On the heels of a successful wet dress rehearsal for Falcon Heavy, SpaceX’s President and COO Gwynne Shotwell spoke briefly about SpaceX for an aerospace conference located at Texas’ Academy of Medicine, Engineering & Science. Ars Technica’s senior spaceflight editor Eric Berger was in attendance and provided a rough outline of live tweets during the first group of presentations.
While the phrasing cannot provide absolute confirmation, Berger summarized a statement by Shotwell suggesting that SpaceX’s Boca Chica, Texas launch site, currently in the early stages of construction, could be ready to host “vehicle tests” as soon as late 2018, early 2019. At this point in time, based on comments from Shotwell and CEO Elon Musk, it can be reasonably assumed that SpaceX’s Texas launch facilities will be dedicated mainly to the company’s interplanetary colonization efforts, and will probably be tailored to support the testing and eventual launches of BFR/BFS.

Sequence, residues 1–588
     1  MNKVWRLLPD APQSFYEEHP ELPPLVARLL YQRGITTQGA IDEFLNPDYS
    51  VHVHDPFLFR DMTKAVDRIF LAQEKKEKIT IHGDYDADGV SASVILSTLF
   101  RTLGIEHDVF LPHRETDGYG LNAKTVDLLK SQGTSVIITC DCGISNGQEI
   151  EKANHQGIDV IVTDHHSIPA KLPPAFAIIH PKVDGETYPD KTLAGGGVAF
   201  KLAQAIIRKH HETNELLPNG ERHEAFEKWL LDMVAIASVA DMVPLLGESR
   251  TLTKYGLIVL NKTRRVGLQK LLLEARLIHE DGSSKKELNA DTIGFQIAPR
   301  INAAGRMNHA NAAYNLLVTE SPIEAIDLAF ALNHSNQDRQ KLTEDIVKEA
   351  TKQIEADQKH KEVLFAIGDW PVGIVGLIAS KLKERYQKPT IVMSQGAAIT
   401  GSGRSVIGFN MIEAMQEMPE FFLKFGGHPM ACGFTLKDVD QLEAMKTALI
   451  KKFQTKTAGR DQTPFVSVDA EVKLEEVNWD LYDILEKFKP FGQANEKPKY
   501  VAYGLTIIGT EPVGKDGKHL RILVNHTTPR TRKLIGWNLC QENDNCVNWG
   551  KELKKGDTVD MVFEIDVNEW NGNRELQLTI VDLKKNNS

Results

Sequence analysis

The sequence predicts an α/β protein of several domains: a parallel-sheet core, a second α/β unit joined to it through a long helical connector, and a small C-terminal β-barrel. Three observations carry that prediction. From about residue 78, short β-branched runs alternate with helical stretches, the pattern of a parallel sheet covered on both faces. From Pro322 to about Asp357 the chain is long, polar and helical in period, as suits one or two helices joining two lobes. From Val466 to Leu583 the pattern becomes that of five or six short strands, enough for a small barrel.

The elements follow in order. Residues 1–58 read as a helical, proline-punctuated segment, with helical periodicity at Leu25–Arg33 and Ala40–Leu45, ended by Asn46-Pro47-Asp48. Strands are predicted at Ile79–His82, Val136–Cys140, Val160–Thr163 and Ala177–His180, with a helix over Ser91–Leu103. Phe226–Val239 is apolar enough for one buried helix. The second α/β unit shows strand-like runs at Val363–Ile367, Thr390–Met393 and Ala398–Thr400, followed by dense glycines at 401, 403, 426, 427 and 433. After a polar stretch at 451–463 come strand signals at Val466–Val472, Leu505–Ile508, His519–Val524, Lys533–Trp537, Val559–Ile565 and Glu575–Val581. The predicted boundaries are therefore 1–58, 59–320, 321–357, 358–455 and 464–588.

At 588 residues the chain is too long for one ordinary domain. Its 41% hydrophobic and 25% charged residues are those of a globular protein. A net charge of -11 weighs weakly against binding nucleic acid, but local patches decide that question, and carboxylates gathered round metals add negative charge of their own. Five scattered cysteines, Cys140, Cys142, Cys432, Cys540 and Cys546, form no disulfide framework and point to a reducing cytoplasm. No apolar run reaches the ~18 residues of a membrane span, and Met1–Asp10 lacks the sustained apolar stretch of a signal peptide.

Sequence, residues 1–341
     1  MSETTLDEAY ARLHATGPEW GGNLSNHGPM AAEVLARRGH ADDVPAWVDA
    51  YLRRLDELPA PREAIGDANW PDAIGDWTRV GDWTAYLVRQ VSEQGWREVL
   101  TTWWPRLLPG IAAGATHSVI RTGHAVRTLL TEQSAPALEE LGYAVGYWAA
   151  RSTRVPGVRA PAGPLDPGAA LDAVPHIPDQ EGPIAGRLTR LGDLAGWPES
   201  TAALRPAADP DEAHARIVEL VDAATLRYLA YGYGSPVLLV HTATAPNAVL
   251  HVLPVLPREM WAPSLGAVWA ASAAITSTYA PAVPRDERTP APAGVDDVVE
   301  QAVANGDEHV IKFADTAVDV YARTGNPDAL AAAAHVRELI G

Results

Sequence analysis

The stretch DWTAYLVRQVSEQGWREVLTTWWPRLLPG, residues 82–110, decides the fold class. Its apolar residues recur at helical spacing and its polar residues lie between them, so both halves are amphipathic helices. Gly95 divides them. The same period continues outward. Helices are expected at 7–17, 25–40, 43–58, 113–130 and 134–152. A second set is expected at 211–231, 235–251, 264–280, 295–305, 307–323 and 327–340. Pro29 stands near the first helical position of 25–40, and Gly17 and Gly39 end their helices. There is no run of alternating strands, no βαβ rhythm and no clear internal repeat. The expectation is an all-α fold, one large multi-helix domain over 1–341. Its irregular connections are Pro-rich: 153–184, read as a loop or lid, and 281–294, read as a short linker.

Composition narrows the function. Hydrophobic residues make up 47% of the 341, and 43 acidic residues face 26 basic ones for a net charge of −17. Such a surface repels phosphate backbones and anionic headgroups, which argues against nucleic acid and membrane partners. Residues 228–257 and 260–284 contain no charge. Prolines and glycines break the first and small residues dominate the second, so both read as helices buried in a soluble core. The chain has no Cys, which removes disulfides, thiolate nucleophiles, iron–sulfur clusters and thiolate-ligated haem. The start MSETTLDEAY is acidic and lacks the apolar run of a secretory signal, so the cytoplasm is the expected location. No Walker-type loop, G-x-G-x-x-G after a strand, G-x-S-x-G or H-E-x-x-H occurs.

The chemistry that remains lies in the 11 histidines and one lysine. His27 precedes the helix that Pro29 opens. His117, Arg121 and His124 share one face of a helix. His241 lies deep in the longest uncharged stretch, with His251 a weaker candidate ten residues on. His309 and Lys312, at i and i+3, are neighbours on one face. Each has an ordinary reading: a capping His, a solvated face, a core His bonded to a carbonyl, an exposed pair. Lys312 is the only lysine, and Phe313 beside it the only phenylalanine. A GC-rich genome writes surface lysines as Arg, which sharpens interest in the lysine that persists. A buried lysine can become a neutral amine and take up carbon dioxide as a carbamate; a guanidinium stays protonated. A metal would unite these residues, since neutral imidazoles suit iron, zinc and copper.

After nine months of earnest construction and rehabilitation, SpaceX’s LC-40 pad was recently reactivated and has since supported two launches without any major hitches. At the same time, LC-39A in flux in order to support launches of SpaceX’s new Falcon Heavy rocket, the size of which required some concomitant upgrades to multiple ground systems. With both of those major tasks now effectively complete, SpaceX’s pad construction team is free to either refocus their efforts towards Boca Chica. Over the past several months, Boca Chica has seen a gradual but consistent level of development, mainly by way of unaffiliated SpaceX contractors. These changes have been dutifully tracked over the last several years on NASASpaceflight.com forums by a handful of friendly local residents interested in the changes coming to Boca Chica and Brownsville, Texas, a nearby town.
CREDITS TO THE OWNER OF THIS ARTICLE: https://www.teslarati.com/spacex-mars-rocket-test-texas-late-2018/